Nicola Sturgeon faced a storm of criticism as she embarked on her “grievance tour” of the US this month, instead of focusing on negotiating a second referendum for Scottish independence. Yet one aspect of that visit was grossly overlooked.
At the Women in the World conference in New York – where she spoke openly to Tina Brown about her own miscarriage, the “misogynist” Donald Trump and the Daily Mail’s infamous “Legs-it” cover – her no-nonsense feminism made me warm towards the SNP and Scottish independence more than I ever have imagined, and in less than four years.
Yes, Sturgeon is a career politician who is very good at talking the talk. But if her talk is to denounce discrimination, sexism and violence against women, these are words everyone needs to hear. She is setting new societal norms and creating a more inclusive environment.
Sturgeon is vilified for believing strongly in independence ever since she was a teenager. But she grew up in a working class Scottish society under the rule of Margaret Thatcher. Who could blame her?
I’m still worried about independence, including falling oil prices, risking a stable currency and a worrying tendency to talk of “patriotism” and “forging our own destiny”.But when Sturgeon speaks openly about gender equality, it rings true and is profoundly encouraging. It is not just a “women’s issue” or a narrow issue that fails to take the wider picture into account. Gender equality, as she suggested, can play a part in ending conflicts and avoiding wars, it strengthens democracies and improves economies.
Scottish women, in particular, relate to her concerns. She said the new law in the UK, which requires women to prove they have been raped to receive child support, is “disgusting”. She was frustrated, she said, about reporters always asking her why she didn’t have children. She also rejected the habit of reducing women to “body parts” and what they wear.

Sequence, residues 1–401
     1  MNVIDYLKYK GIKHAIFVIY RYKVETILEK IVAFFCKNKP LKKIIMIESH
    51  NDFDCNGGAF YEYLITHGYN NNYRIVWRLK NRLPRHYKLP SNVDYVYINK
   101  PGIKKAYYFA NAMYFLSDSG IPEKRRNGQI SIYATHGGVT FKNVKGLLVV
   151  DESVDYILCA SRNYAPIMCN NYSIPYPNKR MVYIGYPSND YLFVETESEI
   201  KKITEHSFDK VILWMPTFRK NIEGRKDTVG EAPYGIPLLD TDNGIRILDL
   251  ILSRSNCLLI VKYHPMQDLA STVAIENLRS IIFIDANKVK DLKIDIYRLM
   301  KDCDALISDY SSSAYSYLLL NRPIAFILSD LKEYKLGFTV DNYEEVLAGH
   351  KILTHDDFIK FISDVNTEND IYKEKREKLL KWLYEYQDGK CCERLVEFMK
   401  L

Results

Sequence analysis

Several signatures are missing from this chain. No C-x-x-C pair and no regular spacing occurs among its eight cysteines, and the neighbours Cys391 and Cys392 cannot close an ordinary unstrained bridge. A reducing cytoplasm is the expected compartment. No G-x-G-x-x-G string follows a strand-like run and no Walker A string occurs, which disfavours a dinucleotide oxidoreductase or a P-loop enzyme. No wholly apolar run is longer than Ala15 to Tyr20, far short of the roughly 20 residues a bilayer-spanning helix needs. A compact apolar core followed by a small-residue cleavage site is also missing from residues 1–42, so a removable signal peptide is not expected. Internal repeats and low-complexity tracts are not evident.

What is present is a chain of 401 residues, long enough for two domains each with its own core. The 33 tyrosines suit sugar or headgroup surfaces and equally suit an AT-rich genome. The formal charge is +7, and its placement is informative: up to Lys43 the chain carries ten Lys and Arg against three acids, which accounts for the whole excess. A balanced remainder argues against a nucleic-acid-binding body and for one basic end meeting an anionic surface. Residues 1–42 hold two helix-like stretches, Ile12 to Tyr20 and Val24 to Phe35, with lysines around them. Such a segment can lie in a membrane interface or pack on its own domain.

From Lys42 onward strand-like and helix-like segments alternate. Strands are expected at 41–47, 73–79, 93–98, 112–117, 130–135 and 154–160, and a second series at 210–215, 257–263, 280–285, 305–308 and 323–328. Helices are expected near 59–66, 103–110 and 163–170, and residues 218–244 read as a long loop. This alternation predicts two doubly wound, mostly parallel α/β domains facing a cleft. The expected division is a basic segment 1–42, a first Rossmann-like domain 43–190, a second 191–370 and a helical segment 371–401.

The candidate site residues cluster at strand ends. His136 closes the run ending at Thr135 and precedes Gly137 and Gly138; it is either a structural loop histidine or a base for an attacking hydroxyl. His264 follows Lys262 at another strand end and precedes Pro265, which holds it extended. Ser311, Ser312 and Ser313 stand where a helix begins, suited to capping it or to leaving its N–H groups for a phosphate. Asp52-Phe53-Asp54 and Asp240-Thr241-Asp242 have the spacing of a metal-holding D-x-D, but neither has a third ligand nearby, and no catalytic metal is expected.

Ultimately she has addressed the elephant in the room. Meanwhile Theresa May, who has done good things for women such as ratifying the Istanbul convention and addressing female genital mutilation, would appear to bend over backwards in public to avoid it.
Since 2014, Sturgeon argues that the circumstances regarding Scottish independence have changed, and she’s right.
In 2015, I was hopeful about Jeremy Corbyn’s landslide election and delighted with the launch of the Women’s Equality Party. In 2016, I was thrilled with the election of Sadiq Khan, the first Muslim to be mayor of London. But in 2017 I’m thoroughly fed up with the Tories cutting welfare, stigmatising immigrants, whipping up frenzy over “benefits scroungers” and using Brexit, the so-called “will of the people”, to roll back protections for workers and the environment.
By contrast, Sturgeon has this month signed a bill with California Governor Jerry Brown to agree to tackle climate change together, to show Scotland wants to be an “outward-looking, progressive, global citizen”.
It also seems possible that an independent Scotland under Sturgeon's leadership could re-join the EU. Frankly, Scotland’s fractured relationship with England is becoming increasingly obvious, the difference in perception of the two nations abroadincreasingly clear. Scotland and England are like Canada and the US, Iceland and Hungary, or Norway and Austria. How can we argue in a post-Brexit world that Scottish independence is a move towards nationalism? Brexit is the worst example of nationalism we have seen in the UK in modern history.
And how can Sturgeon be hated so much for betting her career on her dream, when so many men – Boris Johnson, David Cameron and Michael Gove, to give just three examples – have done the same and got away with it? The answer is, because she's a woman.
At the Women in the World conference, Sturgeon was asked about what it was like to have three women as the main political party leaders in Scotland. She warned against making the mistake of thinking we had won the battle to achieve gender equality. “It’s not enough to be a woman in politics – you have to do the right thing,” she said. That's a pretty clear hint to Theresa May.
If May continues to pretend she is not a woman leader – despite the fact that she has, ironically, been tasked with the clearing up the men’s Brexit mess – then she could lose my support for a United Kingdom. If she could lose me, I’m sure she could lose a lot of other voters, men and women alike.
Gender equality has the ability to transform every area of our lives for the better. If the Scottish people embrace Sturgeon’s message of equality, then they might be willing to follow her wherever she wants to go, even if that’s outside of the UK.Reuse content